"A magical wind whipped up, carried the pages out of your hands and took them swirling round and round in the air. Finally the wind placed the pages on your belly. You woke up, examined the pages, and exclaimed with joy, 'That's it! My book is done!'"
     I declared that I would make this dream my own, and let it become my creative reality.
     That is exactly what unfolded. When I sat down to work on my new book, the pages flew together. Some flew from my journals, some from this blog, others seemed to come whirling down the chimney or through the skylight.
     I felt that the wind from the dream was with me. I clasped the printouts of my book pages and said, "My book is done!" and hit the Send button to get the digital version winging its way to my editor.
     I am going to call on that dream and that magical wind when my next book deadline is creeping up in the calendar.

Art by  Irene Alexeeva. inspired by Vladimir Kush

Friday, July 10, 2015

Breaking a dream drought

In our society, many people are suffering from a protracted dream drought. This is a serious condition, because our dreams offer essential guidance, energy, connection with meaning and purpose – and fun – that is essential to being fully human.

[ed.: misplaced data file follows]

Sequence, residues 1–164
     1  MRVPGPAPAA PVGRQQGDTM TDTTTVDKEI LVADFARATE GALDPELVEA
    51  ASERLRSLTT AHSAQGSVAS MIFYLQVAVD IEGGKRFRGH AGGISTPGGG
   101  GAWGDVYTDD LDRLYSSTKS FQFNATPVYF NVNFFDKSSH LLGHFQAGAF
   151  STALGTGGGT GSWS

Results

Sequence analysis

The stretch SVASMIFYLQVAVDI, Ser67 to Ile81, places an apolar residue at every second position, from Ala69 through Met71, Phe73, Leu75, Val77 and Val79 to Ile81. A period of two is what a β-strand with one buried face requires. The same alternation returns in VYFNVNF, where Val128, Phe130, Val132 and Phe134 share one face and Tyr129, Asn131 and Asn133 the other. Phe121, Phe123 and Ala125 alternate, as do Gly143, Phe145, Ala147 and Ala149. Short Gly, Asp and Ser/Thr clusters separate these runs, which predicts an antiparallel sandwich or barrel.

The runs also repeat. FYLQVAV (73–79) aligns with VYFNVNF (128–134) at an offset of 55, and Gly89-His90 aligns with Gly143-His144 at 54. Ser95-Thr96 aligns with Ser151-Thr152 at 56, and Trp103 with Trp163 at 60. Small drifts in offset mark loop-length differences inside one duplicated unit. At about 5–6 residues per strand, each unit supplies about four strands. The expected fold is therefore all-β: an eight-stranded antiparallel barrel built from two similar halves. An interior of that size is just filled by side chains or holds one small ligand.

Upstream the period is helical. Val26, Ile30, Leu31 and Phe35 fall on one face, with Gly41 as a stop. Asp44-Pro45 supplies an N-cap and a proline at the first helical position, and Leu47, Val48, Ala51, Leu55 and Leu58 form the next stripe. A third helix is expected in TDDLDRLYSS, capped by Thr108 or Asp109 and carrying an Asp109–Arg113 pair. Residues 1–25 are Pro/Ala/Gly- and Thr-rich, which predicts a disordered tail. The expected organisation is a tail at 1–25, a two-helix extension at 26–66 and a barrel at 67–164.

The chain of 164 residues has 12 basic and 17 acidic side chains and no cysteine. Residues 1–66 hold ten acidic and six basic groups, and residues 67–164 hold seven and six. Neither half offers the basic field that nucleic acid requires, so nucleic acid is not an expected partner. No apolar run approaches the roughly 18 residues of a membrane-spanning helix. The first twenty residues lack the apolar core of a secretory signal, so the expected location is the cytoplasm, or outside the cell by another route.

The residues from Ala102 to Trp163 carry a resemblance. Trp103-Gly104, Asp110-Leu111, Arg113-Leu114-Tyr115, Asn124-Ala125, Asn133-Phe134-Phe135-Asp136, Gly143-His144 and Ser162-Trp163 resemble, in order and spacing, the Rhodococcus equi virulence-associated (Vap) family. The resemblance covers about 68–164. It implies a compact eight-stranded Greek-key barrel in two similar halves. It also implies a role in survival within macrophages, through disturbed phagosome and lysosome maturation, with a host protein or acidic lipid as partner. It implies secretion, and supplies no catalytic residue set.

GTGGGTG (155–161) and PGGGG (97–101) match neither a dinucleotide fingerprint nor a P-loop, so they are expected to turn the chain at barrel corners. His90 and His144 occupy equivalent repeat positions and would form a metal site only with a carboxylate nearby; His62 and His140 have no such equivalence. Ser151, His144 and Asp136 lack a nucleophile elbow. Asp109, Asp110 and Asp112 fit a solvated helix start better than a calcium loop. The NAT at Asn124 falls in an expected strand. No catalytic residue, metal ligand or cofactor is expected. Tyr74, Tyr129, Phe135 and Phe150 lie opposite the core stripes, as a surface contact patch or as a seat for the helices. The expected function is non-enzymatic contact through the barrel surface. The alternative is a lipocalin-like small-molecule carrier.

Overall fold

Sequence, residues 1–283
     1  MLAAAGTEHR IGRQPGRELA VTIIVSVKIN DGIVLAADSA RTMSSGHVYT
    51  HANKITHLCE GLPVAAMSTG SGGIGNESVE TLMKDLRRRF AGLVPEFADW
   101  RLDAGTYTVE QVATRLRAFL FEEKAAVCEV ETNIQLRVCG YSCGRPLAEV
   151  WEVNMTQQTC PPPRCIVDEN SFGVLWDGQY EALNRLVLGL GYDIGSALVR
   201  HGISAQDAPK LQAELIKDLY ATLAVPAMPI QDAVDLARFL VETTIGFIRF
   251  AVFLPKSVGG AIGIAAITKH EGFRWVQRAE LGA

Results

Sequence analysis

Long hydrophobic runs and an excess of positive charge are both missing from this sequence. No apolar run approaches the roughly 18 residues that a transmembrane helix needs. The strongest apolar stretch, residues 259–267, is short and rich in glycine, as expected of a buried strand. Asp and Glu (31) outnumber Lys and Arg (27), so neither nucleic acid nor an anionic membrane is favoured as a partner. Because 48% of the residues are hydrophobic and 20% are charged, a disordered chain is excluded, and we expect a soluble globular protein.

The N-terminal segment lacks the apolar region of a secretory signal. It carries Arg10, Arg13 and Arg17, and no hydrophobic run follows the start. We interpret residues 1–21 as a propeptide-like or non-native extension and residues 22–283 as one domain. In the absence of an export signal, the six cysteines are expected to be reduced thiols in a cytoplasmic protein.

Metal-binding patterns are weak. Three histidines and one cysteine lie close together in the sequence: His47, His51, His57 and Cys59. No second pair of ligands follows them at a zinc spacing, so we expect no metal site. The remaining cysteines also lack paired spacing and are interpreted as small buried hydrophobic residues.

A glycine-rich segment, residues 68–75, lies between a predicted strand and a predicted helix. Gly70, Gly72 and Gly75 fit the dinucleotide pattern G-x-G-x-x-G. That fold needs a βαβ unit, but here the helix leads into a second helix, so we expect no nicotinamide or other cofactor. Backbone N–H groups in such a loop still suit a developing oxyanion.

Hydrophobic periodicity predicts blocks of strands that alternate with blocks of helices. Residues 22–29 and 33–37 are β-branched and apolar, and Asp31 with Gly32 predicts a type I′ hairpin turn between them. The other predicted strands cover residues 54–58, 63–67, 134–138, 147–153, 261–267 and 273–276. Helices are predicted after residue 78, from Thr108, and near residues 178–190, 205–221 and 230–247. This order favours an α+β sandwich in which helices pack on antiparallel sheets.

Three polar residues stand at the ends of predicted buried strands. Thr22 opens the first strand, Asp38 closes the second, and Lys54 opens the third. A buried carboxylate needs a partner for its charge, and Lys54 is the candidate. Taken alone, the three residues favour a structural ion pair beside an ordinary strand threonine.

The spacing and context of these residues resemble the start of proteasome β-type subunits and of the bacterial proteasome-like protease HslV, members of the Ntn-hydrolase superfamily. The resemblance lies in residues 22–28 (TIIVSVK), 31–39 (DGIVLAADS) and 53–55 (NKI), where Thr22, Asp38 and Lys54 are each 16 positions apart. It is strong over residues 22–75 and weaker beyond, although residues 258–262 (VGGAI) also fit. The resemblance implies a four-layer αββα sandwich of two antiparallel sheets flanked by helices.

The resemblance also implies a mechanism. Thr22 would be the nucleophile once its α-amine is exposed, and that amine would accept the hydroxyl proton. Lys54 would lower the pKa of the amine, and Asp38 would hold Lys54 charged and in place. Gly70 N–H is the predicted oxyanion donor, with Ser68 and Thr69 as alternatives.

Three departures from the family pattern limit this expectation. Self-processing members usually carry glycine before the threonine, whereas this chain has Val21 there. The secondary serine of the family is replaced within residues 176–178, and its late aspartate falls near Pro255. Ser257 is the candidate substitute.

Here are some fun and easy ways to renew and refresh your relationship with your dreams:

1.Set an intention for the night

Before sleep, write down an intention for the hours of dream and twilight that lie ahead. This can be a travel plan (“I would like to go to Hawaii” or “I would like to visit my girlfriend/boyfriend”). It might be a specific request for guidance (“I want to know what will happen if I change my job”).
     It could be a more general setting of direction (“I ask for healing” or “I open myself to my creative
    You might simply say, “I want to have fun in my dreams and remember.”
     Make sure your intention has some juice. Don’t make dream recall one more chore to fit in with all the others.
     If you like, you can make a little ritual of dream incubation, a simple version of what ancient seekers did when they traveled to temples of dream healing like those of Asklepios in hopes of a night encounter with a sacred guide. You can take a special bath or shower, play a recording of the sounds of nature or running water, and meditate for a while on an object or picture that relates to your intention.You might want to avoid eating heavily or drinking alcohol within a couple of hours of sleep. You could get yourself a little mugwort pillow – in folk tradition, mugwort is an excellent dreambringer – and place it under or near your regular pillow.